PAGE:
Providing distributions are of a similar shape, the KruskalWallis K statistic enables one to test the general hypothesis that all population medians are equal. If this null hypothesis is rejected, the next step is to compare the individual groups. This is done using nonparametric multiple comparison tests. We can group the available methods in the same way as we did for parametric multiple comparison procedures.
Planned orthogonal comparisons
Small numbers of planned orthogonal pairwise comparisons can be done using the WilcoxonMannWhitney test. For larger numbers of such comparisons, the DunnSidak correction should be applied. If variances are not homogeneous, there is a 'robust' version of the WilcoxonMannWhitney test known as the FlignerPolicello test. However, it assumes that distributions are symmetrical  which rather limits its usefulness.
All pairwise comparisons
Joint or pairwise ranking
In joint rank tests, the mean ranks (or rank sums) used in the KruskalWallis tests are compared. These tests are therefore different in nature to parametric multiple comparison tests because the significance of a comparison between a pair of treatments depends upon observations from treatments not involved in the comparison. Hence results may change depending on the number of treatments being considered.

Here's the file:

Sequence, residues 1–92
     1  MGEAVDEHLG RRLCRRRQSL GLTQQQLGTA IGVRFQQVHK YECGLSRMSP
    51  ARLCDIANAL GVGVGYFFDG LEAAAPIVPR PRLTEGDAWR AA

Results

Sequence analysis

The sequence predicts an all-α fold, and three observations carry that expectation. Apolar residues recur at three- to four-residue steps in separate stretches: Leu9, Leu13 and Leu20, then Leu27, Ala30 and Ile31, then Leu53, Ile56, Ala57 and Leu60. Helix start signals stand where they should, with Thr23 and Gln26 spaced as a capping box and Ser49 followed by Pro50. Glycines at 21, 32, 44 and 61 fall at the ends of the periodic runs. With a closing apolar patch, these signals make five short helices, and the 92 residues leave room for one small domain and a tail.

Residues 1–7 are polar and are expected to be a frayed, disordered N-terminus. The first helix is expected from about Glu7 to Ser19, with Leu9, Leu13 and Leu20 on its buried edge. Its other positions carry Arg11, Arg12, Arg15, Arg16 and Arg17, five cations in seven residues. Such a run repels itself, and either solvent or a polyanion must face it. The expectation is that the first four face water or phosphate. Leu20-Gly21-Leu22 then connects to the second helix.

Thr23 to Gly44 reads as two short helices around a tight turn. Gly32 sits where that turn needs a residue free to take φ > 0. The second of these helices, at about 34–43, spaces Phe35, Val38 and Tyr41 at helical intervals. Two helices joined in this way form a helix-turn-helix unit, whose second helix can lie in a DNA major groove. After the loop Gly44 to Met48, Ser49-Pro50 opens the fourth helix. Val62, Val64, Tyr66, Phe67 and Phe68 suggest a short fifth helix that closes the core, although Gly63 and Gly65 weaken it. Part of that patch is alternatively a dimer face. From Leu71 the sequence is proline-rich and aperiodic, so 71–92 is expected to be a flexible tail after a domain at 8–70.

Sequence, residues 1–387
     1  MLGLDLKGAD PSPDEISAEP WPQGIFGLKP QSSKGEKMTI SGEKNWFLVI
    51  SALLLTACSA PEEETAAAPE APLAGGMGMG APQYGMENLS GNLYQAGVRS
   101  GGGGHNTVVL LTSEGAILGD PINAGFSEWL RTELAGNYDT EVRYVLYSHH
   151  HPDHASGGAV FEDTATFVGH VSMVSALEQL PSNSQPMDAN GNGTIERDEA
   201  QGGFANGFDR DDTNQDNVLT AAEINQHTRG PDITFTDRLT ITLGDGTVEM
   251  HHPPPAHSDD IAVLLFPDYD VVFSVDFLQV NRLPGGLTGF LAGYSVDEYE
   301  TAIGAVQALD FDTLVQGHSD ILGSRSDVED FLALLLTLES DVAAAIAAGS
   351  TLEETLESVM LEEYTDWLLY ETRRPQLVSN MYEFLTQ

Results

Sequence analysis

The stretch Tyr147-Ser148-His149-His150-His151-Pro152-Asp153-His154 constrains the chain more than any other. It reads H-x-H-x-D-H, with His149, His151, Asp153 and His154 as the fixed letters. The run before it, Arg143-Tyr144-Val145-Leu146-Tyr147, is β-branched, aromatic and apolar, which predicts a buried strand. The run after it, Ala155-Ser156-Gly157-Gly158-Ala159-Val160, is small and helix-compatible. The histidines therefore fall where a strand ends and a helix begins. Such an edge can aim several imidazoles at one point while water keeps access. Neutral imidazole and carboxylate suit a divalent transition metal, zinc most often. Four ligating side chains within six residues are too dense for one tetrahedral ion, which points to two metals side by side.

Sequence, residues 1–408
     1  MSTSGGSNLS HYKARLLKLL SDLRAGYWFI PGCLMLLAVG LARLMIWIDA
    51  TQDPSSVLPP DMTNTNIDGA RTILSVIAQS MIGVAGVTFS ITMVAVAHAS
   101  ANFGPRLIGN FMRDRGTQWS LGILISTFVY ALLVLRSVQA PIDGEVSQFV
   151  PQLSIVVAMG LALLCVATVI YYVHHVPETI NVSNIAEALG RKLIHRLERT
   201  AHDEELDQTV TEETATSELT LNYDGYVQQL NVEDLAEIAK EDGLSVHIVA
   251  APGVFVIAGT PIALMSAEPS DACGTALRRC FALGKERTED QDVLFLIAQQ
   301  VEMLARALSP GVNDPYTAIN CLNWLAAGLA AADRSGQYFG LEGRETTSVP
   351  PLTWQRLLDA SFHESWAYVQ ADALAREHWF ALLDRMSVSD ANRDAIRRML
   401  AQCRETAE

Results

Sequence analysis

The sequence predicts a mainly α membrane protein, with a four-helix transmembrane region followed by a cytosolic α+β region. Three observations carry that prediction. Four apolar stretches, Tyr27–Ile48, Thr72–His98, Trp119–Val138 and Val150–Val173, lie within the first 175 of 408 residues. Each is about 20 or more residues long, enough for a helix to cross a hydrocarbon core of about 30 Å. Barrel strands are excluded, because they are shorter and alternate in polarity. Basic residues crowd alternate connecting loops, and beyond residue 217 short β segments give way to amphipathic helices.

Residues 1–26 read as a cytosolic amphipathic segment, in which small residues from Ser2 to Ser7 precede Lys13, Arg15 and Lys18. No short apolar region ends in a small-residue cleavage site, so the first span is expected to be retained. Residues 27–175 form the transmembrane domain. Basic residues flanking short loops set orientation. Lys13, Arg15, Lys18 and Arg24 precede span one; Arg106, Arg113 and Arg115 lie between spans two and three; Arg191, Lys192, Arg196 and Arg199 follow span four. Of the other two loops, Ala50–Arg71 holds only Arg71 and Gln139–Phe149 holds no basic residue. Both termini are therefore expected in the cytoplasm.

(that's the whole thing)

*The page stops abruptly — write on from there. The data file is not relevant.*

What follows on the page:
In pairwise ranking ranks are assigned afresh just to the two treatments being compared. This has the disadvantage that cycling can arise where group A is greater than group B and group C is greater than group A, but group C is not significantly greater than group B. Such inconsistencies are difficult to explain logically!
Joint rank tests
The simplest of these uses a test analogous to Tukey's test and is known as the Nemenyi joint rank test. Differences between the rank sums of each group are compared to a single honestly significant difference calculated as below:
Algebraically speaking 
HSD
 =
 q_{α(k,df=∞)
}  √
 
n (nk)(nk+1)


12
  
where
 HSD is the honestly significant difference between rank sums,
 q_{α(k,df=∞)} is the Studentized range statistic,
 k is the number of groups,
 n is the number of observations in each group.

It assumes that there is the same number of replicates in each group.
For unequal sample size one can use the Dunn test. In this test one compare mean ranks, not sums of ranks. Consequently a different range statistic is used for the test.
Algebraically speaking 
HSD
 =
 Q_{α(k)
}  √
 
N (N + 1)
 (
 1
 +
 1
 )

  
12
 n_{A
}  n_{B
}   
where
 HSD is the honestly significant difference between mean ranks,
 Q_{α(k)} is the mean rank range statistic,
 k is the number of groups,
 N is the total number of observations,
 n_{A} and n_{B} are the number of observations in the two groups being compared.

Pairwise tests
The SteelDwass test is the frequently recommended pairwise ranking test. Each pair of treatments is compared with the WilcoxonMannWhitney test. For small samples (n = 26) and only (k =) 3 groups, convert the calculated Ustatistic to the minimum rank sum and compare it with the exact critical values given in Steel (1960). Otherwise convert the calculated U to the maximum rank sum and compare it with the large sample approximation given in Steel (1961).